man up – to fulfill your responsibilities as a man, despite your insecurities and constant ability to place yourself in embarrassing and un-manly scenarios.
Thanks to Dean at Studiocanal I took the opportunity to attend the preview of Man Up on Wednesday at Hoyts, Melbourne Central. This Rom-Com is a UK/French production starring Britisher Simon Pegg and American Lake Bell, although she does very well maintaining a British accent throughout. (Apparently, this was helped by her staying in character even when not filming.)
The blurb sets the scene:
Nancy (Lake Bell), is done with dating. 10 times bitten, 100 times shy, she’s exhausted by the circus. So when Jack (Simon Pegg) blindly mistakes her for his date, no one is more surprised than her when she does the unthinkable and just goes with it. It’s going to take a night of pretending to be someone else for Nancy to finally Man Up and be her painfully honest, awesomely unconventional self… but will Jack also Man Up, and be able to get over her duplicity? Best just to let the evening unfold, roll with the consequences, and see if one crazy, unpredictable, complicated night can bring these two messy souls together.
From the outset, I knew my demographics (60-somethings) not the target audience for this movie and was glad my daughter Mary Jane (20s) came along because the generation gap gave us different perspectives and made for an excellent discussion afterwards.
Regarding the scene where Nancy has a rant about raunchy sex (entirely mythical) between her and Jack to get back at Jack’s vindictive ex-wife Hilary (Olivia Williams) Mary Jane said, ‘I’m glad you didn’t know half of what she was talking about!’
However, we mainly did laugh at the same things, and this is a whimsical feel good film. It’s not super original as far as the genre goes, but there are some subtle touches and the lead roles are well-chosen. Even Nancy’s parents Bert (Ken Stott of Rebus fame) and Fran (Dame Harriet Walter of Sense & Sensibility and Atonement) are well cast.
It’s a modern film – blind dates are not new, but the intrusion of technology is there although the line about Nancy not being on Facebook and yet she was supposed to be a journalist I found a little unbelievable, considering everyone seems to have an online profile these days. However, she was meant to be unconventional.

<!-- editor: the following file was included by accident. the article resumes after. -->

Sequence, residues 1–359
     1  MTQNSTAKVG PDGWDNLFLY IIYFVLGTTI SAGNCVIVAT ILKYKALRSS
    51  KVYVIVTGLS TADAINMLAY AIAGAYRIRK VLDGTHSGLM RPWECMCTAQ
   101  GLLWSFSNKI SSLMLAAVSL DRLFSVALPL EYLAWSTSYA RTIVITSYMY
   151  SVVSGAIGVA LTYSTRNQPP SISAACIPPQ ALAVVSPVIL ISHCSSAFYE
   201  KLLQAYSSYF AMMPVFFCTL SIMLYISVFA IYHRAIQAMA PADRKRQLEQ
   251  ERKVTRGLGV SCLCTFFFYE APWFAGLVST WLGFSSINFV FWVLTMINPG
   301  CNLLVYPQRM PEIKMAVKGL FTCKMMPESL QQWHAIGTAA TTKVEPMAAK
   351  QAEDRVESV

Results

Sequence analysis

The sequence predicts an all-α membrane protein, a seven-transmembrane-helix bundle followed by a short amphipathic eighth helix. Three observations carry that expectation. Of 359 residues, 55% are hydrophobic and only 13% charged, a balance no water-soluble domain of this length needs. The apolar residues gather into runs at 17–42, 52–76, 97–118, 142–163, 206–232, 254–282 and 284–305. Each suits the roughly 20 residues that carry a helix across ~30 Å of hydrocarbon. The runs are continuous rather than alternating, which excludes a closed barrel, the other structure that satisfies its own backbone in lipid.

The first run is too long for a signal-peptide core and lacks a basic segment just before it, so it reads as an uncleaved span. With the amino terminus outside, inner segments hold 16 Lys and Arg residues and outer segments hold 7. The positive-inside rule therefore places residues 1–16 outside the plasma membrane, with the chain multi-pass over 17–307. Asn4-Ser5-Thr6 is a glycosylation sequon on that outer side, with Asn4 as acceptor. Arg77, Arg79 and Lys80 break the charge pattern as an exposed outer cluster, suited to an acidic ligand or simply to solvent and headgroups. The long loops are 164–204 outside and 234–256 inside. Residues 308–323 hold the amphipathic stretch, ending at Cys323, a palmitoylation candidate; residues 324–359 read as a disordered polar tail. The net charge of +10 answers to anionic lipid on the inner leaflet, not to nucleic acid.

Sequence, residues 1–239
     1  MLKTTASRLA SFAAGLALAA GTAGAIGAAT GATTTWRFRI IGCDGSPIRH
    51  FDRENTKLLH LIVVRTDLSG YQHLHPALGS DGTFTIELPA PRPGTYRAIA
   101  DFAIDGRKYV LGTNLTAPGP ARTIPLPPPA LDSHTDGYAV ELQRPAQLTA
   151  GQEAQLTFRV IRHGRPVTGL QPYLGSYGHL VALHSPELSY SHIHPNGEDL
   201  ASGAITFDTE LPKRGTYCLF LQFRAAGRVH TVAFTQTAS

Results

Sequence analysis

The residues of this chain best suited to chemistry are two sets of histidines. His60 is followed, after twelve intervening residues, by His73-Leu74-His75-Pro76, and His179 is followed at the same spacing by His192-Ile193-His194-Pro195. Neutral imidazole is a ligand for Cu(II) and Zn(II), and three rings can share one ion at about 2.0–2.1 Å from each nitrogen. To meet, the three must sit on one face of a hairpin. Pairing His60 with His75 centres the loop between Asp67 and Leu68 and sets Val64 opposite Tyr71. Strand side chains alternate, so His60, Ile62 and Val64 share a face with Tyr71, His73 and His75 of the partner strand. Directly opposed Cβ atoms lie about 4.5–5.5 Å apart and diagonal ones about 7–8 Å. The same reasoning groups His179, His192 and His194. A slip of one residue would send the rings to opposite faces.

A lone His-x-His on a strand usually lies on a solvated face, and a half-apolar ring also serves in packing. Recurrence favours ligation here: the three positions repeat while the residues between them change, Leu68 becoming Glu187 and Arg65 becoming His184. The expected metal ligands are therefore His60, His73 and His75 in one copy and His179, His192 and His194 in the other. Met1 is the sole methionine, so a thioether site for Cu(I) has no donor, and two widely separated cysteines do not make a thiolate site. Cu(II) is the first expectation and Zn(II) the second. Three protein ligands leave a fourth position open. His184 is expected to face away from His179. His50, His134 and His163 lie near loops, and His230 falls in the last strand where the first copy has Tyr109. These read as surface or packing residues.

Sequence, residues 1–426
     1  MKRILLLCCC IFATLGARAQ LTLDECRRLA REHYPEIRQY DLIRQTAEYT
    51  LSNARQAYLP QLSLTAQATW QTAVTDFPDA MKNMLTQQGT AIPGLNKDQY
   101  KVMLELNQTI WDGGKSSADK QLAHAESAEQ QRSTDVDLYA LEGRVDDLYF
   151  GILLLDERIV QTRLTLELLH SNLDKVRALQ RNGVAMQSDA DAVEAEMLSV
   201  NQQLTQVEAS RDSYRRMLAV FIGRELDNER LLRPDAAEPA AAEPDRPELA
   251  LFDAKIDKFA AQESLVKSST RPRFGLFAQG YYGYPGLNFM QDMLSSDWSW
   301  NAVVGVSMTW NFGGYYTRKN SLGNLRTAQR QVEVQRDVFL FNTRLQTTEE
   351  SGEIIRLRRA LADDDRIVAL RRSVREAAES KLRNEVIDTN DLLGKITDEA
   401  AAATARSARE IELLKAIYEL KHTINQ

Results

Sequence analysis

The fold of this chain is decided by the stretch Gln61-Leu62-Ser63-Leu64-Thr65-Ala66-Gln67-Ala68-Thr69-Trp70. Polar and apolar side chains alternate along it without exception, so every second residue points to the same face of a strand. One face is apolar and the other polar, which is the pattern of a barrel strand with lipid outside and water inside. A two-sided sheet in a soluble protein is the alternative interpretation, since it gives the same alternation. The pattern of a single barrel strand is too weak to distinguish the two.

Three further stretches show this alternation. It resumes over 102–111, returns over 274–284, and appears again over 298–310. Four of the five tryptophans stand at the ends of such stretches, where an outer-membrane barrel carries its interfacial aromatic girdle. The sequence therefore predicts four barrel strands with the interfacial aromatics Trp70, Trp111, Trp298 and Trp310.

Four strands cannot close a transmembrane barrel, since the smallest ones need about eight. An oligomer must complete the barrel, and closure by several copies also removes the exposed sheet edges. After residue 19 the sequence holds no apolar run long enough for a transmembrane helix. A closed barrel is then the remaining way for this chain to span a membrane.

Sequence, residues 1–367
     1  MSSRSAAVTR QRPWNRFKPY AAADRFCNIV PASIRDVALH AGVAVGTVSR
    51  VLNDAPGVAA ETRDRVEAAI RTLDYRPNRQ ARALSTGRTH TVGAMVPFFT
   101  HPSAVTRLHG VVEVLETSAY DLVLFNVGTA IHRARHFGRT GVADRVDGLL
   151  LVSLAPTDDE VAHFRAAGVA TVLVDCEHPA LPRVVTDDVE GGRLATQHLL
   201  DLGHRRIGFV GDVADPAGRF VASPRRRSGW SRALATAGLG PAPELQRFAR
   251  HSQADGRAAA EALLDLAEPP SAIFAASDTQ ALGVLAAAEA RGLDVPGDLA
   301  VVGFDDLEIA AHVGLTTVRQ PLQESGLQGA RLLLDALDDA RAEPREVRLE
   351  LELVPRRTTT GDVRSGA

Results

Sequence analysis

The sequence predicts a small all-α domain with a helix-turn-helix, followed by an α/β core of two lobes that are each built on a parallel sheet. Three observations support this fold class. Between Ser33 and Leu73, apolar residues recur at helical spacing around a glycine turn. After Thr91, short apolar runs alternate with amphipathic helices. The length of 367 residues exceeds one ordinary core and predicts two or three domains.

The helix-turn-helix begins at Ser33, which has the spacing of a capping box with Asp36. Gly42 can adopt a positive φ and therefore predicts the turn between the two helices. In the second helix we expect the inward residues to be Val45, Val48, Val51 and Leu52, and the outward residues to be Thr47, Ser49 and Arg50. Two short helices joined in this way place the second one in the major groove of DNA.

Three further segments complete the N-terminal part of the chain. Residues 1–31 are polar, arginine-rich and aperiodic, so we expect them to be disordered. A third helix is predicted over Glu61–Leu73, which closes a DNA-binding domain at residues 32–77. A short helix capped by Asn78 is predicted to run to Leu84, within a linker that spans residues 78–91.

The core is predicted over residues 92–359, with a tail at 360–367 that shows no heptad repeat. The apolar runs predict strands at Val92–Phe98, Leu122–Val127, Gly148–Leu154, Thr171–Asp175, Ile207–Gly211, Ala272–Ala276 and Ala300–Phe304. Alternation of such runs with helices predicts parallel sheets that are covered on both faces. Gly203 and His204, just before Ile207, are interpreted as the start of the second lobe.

Nancy’s reaction when she runs into an old school friend Sean (Rory Kinnear) who honestly is a creepy, crazed stalker was also bizarre for a 34-year-old professional woman jaded but still experienced with men. (Even with the suspension of disbelief.)
I found Sean more disturbing than funny, and my daughter agreed. I don’t know whether the part is as the writer Tess Morris envisaged. Shooting scripts and screenplays can differ widely, but considering the enormous amount of violence against women – cyber and actual – a creepy stalker who demands a ‘blowjob’ as the first trade off to keep Nancy’s real identity secret made both MaryJane and I squirm. There are several ways that subplot could have been written differently and still been funny.
The film happens all in one night, and it works well even if the amount of shots and bottles of alcohol consumed overdone. It’s difficult to believe they could remain standing; think rationally and speak naturally, but that and a slightly weird ending is to appeal to the followers of Hollywood Rom-Coms according to my daughter.
Those particular points aside, this is a light, entertaining comedy that has some seriously funny lines and scenes carried off superbly by Simon Pegg and Lake Bell and well-chosen supporting cast.
There is a poignant scene with a beautiful expression of advice to those who have lost love, lost self-esteem, seek love and need something to go right but don’t know if it ever will. Nancy tells Jack he’s an emotional jigsaw at the moment, in pieces and he just needs to find the blue bits.
I loved this metaphor; it reminds me of a fantastic book Going to Pieces Without Falling Apart. This book helped me through grief when I lost the love of my life. Even in comedy there can be a serious message. Nancy’s parents still in love after 40 years of marriage – looked at from one perspective Nancy can think she’s a failure or she can see that a long lasting, loving relationship is achievable.
This fast-paced film matches Jack and Nancy’s roller-coaster evening of dropping barriers and getting to know each other while living in the moment. The soundtrack great too, ensuring you stay in the mood and leave the cinema upbeat and happy.
Romantic Comedies may not be your favourite genre, but Man Up is different enough from some of the usual offerings to make it an entertaining night at the movies. And if you go intergenerational there’s great conversation over coffee!